Eight Reasons to Upgrade to Microsoft Outlook 2010

Paul Mah

Microsoft Outlook 2010 was recently released, and your SMB could well be considering whether it should upgrade. Having used the RTM version for the past month, I've drawn up a list of features I liked most about it.


Ribbon interface


Outlook 2010 has finally been updated with the ribbon interface found in the rest of Microsoft's Office family. The downside: Training might be necessary for some employees if your company is still using an older version of Microsoft Office. Despite not liking it initially, I have grown to appreciate the ribbon interface. All in all, I consider its presence a nice upgrade by itself.


Conversation e-mail view


A widely touted feature, the conversation view in Outlook is also known as threaded view. Rather than having to painstakingly trace through individual e-mails for specific information, relevant e-mails are grouped together as part of the same "conversation," reducing frustration and dramatically improving productivity.


Enhanced search


In the past, I was forced to rely on the Outlook plug-in in Google Desktop so as to retain a semblance of productivity when tracking down correspondences. Unfortunately, the Google plug-in has a track record of crashing Outlook from time to time. I was looking forward to the enhanced search capabilities in Outlook 2010 and I must say that I was not left disappointed. The new search is far superior in speed and integration, with keywords appropriately highlighted in bright yellow for easy identification.


More coherent folder arrangements


The e-mail folders in pre-Outlook 2010 are sorted alphabetically, resulting in the unfortunate situation where important folders such as "Sent" and "Draft" are scattered throughout the list. It's not a crucial matter, but it's a relief to see Outlook 2010 set things right by clustering key folders such as Inbox, Drafts, Sent Items and Delete Items right at the top by default.


Ability to hide annoying e-mails


Belong to an organization where colleagues just love CC'ing everyone into projects not related to them just "for your information?" And where everyone involved in the discussion simply hits the "Reply All" button, creating huge volumes of e-mails that interrupt you unnecessarily? Well, Outlook 2010 has a new "Ignore" button that automatically moves entire conversations onto the short road to your Deleted Items folder the moment they arrive.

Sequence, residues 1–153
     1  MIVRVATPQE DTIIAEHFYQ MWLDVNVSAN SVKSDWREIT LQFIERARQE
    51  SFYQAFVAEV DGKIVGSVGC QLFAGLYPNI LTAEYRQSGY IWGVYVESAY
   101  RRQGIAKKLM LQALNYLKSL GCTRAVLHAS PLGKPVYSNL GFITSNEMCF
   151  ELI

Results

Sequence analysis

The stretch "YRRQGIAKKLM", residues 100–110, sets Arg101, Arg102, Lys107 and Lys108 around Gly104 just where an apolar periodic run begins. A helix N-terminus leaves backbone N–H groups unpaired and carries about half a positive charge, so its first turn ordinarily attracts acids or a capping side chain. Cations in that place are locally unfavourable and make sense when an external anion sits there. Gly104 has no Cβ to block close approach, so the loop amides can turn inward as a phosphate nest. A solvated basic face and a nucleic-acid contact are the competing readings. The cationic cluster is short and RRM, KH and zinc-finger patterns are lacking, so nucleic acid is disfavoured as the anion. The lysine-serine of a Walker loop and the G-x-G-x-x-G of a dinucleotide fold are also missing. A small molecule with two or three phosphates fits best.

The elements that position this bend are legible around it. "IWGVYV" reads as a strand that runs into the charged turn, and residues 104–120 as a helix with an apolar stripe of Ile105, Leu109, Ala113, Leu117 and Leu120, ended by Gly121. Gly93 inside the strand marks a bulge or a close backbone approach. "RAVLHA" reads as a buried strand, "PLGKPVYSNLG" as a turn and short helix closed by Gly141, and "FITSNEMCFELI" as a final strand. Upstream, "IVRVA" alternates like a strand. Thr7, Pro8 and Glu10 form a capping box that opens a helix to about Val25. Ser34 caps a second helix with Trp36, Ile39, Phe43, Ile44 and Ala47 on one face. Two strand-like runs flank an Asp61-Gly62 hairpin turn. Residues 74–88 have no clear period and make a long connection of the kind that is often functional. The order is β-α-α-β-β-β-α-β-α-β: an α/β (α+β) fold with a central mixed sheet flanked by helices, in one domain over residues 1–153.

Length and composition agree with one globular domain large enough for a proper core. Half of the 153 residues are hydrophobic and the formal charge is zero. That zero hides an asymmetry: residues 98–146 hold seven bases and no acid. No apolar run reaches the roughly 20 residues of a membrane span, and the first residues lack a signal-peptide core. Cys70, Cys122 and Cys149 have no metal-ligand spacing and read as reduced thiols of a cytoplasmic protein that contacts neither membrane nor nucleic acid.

Mail Tips


Mail Tips consists of a series of prompts and warnings built into Outlook 2010 that attempt to issue alerts in situations where potentially undesirable actions are about to be executed. This might range from trying to do a "Reply All" when you were BCC'ed - hence revealing yourself, or creating an e-mail that exceeds size limits, for example.


Support for Multiple Exchange Accounts


For the first time, Outlook 2010 now comes with support for multiple Exchange accounts. I would be the first to admit that many users will obtain scant value in this; though power users who need access to more than one Exchange account will find this invaluable.


Faster performance


While I don't have any scientific way of measuring its performance, the overall feel is that Outlook 2010 performs faster than Outlook 2007. On top of overall faster performance, Microsoft claims that starts and exits are faster than Outlook 2007 too.


There are, of course, many other changes and tweaks found in Outlook 2010. Do feel free to share your favorite features here.

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Add Comment      Leave a comment on this blog post
Aug 9, 2010 7:20 PM Stephen Stephen  says:

How is the search function any differrent than we've had since Outlook 2003?  My users use that a lot, and on boxes that have more than 100,000 items in them so that performance is very slow. 

Also, how does Outlook 2010 handle huge mailboxes like these (largest offending account has over 2 million items; largest volume is over 33 GB).  All my users are using server-based email, so PST / OST performance tips and ideas are irrelevant.  We're considering a move to GMail because of the volume of mail that people keep around.  It's such a widespread practice that "user education" is also not a valid strategy to reverse the trend.



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